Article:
On average, there are more than 3.5 billion Google searches every day, and a small percentage of these are requests that have never been made before. In an attempt to handle these obscure and hard-to-find searches, Google has developed an artificial intelligence system called RankBrain. According to Google, RankBrain tackles a “very large fraction” of all the total number of Google searches, which are about 15% of the millions of queries it receives every second.
Google searches are ranked based on ‘hundreds’ of signals including location, key words, the site’s ranking and more. Its current technology relies on discoveries and insights that people in information retrieval have had. RankBrain instead uses AI to turn words into so-called ‘vectors’ the computer can understand more easily. If it sees a word it doesn’t recognize, it takes an educated guess at what it could mean, based on other words and phrases that may have a similar meaning.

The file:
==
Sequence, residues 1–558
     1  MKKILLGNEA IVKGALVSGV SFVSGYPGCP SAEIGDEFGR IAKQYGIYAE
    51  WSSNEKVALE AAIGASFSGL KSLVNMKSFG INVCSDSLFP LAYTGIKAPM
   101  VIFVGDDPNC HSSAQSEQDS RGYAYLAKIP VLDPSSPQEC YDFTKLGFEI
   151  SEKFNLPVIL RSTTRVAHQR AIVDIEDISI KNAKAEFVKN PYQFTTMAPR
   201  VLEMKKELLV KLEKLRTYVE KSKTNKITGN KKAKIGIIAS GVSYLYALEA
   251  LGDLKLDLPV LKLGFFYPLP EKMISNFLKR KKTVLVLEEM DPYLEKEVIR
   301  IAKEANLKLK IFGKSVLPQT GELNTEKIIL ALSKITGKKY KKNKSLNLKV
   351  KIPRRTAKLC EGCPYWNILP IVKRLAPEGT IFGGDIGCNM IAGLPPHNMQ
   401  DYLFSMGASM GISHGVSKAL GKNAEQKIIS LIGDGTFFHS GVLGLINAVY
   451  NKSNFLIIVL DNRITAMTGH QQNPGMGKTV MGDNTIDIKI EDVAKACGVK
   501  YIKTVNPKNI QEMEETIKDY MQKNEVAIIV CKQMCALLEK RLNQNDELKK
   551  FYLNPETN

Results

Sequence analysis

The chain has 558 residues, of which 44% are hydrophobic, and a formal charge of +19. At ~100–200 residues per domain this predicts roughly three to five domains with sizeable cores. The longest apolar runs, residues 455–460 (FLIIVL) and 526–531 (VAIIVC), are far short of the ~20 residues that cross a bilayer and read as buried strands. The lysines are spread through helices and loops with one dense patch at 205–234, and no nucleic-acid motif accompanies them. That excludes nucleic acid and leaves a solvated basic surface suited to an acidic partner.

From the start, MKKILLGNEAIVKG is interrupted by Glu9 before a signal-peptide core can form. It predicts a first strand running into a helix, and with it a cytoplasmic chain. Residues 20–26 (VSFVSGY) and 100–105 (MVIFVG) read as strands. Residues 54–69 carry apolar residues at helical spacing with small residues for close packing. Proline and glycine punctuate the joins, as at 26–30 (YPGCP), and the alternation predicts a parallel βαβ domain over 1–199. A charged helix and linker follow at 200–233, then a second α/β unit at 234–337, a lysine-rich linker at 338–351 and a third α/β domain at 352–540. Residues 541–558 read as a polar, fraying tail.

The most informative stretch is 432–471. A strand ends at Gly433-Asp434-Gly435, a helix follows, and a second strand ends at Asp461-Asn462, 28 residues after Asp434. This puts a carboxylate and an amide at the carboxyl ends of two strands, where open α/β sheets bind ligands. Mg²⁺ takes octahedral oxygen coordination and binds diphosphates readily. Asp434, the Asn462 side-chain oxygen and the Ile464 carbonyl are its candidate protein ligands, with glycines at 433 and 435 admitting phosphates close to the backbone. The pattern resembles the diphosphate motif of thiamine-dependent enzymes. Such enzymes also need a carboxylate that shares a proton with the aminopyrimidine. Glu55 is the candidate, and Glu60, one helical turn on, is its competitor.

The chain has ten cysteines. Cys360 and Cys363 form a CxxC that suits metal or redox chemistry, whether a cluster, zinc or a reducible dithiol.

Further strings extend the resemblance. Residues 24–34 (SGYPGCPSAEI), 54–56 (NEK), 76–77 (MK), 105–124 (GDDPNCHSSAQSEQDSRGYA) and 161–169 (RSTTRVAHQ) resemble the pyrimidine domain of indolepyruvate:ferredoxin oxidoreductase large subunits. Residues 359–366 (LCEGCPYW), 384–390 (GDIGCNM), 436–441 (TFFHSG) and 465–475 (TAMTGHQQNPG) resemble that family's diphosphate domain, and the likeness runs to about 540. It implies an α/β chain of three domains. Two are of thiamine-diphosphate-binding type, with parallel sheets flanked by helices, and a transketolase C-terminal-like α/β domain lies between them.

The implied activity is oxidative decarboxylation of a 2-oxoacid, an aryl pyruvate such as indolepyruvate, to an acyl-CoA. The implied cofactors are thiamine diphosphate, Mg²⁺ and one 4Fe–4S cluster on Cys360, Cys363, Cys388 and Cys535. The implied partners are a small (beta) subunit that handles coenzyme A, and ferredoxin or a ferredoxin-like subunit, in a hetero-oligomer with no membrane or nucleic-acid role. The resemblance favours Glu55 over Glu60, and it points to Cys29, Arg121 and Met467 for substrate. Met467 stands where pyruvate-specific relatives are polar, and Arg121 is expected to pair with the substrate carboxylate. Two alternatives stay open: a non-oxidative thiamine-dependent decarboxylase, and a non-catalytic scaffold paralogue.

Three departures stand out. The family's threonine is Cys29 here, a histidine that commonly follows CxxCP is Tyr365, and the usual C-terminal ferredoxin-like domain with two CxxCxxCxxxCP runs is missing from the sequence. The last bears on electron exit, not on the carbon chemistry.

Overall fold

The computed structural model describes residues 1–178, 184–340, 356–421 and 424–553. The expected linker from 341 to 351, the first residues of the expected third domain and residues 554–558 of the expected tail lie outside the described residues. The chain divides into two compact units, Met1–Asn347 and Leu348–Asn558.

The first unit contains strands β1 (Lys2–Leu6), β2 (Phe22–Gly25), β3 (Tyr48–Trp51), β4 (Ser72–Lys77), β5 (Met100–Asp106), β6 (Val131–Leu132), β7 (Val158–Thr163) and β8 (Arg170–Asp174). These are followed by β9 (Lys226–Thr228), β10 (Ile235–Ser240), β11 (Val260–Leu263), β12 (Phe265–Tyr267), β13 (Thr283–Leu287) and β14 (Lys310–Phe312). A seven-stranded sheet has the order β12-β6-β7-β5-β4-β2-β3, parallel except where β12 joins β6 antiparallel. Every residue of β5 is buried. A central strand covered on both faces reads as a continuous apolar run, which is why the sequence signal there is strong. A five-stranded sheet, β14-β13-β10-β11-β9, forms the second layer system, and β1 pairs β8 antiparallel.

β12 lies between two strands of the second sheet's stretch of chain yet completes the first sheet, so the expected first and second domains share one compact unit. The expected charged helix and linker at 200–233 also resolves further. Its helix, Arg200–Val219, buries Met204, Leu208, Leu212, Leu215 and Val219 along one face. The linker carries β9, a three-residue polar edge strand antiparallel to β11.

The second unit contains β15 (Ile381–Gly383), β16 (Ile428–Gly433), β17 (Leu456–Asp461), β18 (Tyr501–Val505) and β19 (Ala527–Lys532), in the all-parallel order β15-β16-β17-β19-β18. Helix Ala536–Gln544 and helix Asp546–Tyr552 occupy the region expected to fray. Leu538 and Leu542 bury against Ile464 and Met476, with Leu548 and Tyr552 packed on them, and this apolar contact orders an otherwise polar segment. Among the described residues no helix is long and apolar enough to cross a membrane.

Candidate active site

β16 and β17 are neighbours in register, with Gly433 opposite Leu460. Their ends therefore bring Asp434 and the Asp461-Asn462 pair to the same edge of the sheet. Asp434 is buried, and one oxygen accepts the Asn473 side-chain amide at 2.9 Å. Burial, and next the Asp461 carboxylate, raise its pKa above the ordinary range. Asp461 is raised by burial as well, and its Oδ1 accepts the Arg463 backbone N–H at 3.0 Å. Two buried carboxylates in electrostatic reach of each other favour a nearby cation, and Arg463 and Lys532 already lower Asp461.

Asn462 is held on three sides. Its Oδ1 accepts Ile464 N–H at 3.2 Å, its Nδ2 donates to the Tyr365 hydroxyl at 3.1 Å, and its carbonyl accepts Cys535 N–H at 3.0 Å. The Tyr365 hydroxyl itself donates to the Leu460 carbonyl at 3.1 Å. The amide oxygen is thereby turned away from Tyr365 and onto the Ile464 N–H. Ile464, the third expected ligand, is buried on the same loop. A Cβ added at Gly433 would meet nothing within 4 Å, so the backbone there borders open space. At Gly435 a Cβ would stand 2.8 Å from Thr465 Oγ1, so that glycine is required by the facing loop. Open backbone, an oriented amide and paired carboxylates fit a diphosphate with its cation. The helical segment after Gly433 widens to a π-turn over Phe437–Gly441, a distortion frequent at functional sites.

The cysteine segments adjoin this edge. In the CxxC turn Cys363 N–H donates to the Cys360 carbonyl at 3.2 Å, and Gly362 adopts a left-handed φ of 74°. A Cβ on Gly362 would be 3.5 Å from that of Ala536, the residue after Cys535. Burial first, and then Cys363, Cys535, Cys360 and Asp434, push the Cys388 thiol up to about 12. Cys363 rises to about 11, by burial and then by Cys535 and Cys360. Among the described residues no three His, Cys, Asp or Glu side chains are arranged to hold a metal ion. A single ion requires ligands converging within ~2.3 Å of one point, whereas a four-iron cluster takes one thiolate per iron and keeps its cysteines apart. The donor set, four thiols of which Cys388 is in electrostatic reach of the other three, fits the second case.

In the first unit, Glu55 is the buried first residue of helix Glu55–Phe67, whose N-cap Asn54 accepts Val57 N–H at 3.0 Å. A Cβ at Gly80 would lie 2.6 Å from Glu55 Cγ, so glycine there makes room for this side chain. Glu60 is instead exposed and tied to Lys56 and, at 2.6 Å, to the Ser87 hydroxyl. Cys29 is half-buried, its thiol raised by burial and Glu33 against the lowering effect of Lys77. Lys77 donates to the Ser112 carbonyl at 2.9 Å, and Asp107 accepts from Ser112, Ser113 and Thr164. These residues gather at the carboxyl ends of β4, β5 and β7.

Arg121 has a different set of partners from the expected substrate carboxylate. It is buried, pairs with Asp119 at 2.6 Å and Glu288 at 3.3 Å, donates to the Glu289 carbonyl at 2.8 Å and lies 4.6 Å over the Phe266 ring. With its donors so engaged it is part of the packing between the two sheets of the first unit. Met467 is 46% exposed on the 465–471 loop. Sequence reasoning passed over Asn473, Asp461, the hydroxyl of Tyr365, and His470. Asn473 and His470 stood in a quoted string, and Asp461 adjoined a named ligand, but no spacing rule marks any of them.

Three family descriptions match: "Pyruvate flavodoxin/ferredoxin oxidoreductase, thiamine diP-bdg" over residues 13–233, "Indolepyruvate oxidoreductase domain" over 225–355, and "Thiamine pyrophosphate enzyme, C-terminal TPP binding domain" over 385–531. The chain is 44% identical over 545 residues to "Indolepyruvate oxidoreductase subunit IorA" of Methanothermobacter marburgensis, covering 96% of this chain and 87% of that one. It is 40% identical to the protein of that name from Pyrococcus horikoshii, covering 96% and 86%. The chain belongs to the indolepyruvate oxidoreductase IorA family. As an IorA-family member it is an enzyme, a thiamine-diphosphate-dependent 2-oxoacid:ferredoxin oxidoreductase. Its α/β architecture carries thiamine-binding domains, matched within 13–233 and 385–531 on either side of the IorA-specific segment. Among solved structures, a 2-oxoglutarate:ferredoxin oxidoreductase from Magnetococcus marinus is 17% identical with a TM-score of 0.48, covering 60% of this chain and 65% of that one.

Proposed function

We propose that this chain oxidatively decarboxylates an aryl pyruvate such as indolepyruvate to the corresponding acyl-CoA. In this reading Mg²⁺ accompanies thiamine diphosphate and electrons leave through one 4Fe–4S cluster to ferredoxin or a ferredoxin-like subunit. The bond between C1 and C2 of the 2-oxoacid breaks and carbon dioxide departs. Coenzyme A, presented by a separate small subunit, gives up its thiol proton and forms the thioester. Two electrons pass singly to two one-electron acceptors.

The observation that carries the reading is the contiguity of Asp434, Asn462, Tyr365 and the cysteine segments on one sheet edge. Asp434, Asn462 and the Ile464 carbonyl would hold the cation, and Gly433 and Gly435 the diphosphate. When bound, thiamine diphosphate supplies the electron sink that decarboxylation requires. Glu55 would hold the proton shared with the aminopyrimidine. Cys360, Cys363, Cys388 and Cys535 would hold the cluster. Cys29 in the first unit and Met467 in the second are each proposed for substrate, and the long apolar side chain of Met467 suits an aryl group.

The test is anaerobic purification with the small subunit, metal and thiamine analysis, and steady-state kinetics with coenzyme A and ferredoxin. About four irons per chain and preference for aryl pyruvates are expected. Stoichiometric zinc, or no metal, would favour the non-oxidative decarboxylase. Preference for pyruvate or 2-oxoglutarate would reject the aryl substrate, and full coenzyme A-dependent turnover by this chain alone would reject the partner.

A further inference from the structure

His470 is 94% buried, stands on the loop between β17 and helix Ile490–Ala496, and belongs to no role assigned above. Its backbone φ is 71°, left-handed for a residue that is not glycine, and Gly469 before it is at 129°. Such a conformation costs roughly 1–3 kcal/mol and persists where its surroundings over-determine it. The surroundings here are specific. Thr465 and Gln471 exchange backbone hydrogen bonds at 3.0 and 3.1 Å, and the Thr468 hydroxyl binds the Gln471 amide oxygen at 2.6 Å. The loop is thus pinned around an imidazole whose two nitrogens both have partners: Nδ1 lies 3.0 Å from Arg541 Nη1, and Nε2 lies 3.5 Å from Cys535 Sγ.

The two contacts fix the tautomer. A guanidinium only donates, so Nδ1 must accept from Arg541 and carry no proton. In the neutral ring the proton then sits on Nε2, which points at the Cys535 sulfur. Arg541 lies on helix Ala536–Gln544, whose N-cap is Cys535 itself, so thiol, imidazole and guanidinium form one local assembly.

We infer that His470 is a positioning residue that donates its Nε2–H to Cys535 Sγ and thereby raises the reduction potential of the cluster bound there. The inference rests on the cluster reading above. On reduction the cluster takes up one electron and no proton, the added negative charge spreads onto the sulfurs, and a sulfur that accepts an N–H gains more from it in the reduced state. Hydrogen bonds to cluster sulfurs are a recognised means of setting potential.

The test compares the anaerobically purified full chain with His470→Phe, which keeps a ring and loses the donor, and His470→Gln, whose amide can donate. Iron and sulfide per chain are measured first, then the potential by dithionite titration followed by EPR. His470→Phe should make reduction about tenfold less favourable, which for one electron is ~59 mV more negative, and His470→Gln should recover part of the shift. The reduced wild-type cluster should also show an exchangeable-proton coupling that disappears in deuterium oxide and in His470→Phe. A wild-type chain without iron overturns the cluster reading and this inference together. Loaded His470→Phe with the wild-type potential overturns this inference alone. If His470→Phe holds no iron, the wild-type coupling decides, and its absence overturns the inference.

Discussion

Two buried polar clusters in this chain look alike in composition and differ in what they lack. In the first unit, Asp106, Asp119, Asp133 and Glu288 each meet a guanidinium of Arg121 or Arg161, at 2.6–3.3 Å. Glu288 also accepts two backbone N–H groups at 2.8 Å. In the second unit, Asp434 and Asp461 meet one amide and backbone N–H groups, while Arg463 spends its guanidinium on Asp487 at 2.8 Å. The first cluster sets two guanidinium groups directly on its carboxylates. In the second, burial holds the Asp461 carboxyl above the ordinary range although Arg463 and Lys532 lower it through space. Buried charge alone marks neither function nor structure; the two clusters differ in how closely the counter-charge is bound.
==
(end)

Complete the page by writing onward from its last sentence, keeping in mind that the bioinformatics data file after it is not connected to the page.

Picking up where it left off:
The system then filters the results and presents the most appropriate links to the person making the search. Every time it makes these guesses, it monitors how the person making the searches responds to the results and can adjust its filtering process accordingly.
Google says it’s only used RankBrain to handle this massive search load for the past few months, but Google says RankBrain is actually better at predicting top search results than their own search engineers.